On the surface, that’s the kind of talk we typically hear in late July as we get ready for the start of preseason practice. But under the surface, I think it’s indicative of something more important that really is worth appreciating.
Special teams are where you really notice a team’s quality depth. And because of Richt’s questionable roster management practices over the 2009-2013 period, quality depth was lacking. How could it not be, with a roster that at one point had fewer than 70 scholarship players on it? If Richt now observes that there are more athletes on special teams, there’s only one reason for that.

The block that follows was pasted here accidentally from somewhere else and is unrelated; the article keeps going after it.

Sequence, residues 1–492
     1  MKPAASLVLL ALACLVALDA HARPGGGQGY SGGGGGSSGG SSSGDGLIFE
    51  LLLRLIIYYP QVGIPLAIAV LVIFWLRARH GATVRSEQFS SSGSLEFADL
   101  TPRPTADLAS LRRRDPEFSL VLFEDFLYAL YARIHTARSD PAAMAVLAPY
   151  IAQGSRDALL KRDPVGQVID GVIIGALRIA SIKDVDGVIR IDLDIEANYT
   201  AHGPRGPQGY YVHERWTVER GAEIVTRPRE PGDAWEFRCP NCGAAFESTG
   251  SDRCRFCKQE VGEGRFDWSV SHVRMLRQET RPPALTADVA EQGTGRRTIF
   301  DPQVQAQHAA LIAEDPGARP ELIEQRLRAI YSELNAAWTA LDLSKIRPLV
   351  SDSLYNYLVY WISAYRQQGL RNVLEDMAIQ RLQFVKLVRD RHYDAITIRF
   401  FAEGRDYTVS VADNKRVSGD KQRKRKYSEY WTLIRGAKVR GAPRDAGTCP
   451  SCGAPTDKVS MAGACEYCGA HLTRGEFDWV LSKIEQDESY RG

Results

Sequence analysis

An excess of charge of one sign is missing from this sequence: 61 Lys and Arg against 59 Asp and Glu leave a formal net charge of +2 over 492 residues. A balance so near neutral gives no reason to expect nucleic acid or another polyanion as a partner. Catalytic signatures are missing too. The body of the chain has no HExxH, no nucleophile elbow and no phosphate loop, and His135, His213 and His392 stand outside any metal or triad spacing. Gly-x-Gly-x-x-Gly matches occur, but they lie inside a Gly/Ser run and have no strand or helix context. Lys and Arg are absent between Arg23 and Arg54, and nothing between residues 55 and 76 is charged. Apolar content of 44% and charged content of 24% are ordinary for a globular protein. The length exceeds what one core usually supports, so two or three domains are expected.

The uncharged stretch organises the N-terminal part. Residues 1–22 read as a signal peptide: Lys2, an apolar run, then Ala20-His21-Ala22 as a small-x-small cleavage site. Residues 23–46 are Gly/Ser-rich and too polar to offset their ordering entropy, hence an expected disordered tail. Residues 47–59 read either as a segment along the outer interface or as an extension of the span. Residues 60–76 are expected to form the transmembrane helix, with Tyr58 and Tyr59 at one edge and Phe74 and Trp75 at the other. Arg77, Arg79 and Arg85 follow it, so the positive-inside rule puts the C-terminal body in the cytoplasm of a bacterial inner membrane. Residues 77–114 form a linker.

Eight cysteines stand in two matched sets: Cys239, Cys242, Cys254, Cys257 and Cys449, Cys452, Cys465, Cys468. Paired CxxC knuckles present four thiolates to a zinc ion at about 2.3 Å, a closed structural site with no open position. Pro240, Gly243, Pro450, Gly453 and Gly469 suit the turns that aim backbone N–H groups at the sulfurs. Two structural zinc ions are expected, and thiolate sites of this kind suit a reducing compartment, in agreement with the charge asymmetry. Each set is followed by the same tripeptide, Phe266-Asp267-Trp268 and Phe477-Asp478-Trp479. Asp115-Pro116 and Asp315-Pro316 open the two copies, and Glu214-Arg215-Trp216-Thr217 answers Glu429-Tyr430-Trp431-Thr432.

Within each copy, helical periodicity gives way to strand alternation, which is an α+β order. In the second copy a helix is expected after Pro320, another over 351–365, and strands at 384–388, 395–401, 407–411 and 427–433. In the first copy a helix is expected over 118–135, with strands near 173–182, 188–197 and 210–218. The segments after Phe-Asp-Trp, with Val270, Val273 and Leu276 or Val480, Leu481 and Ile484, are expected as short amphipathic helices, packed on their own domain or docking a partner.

Quite simply, Richt’s got more scholarship bodies to work with. And that is a welcome development.
There are certainly things Richt’s done that are worthy of criticism. But he also deserves credit for learning from his mistakes and making the effort to overcome them. If you’re like me and think that the hesitant way he managed the numbers on Georgia’s roster was his most egregious, then this is a good sign. It’s talk that makes me happy for the right reason.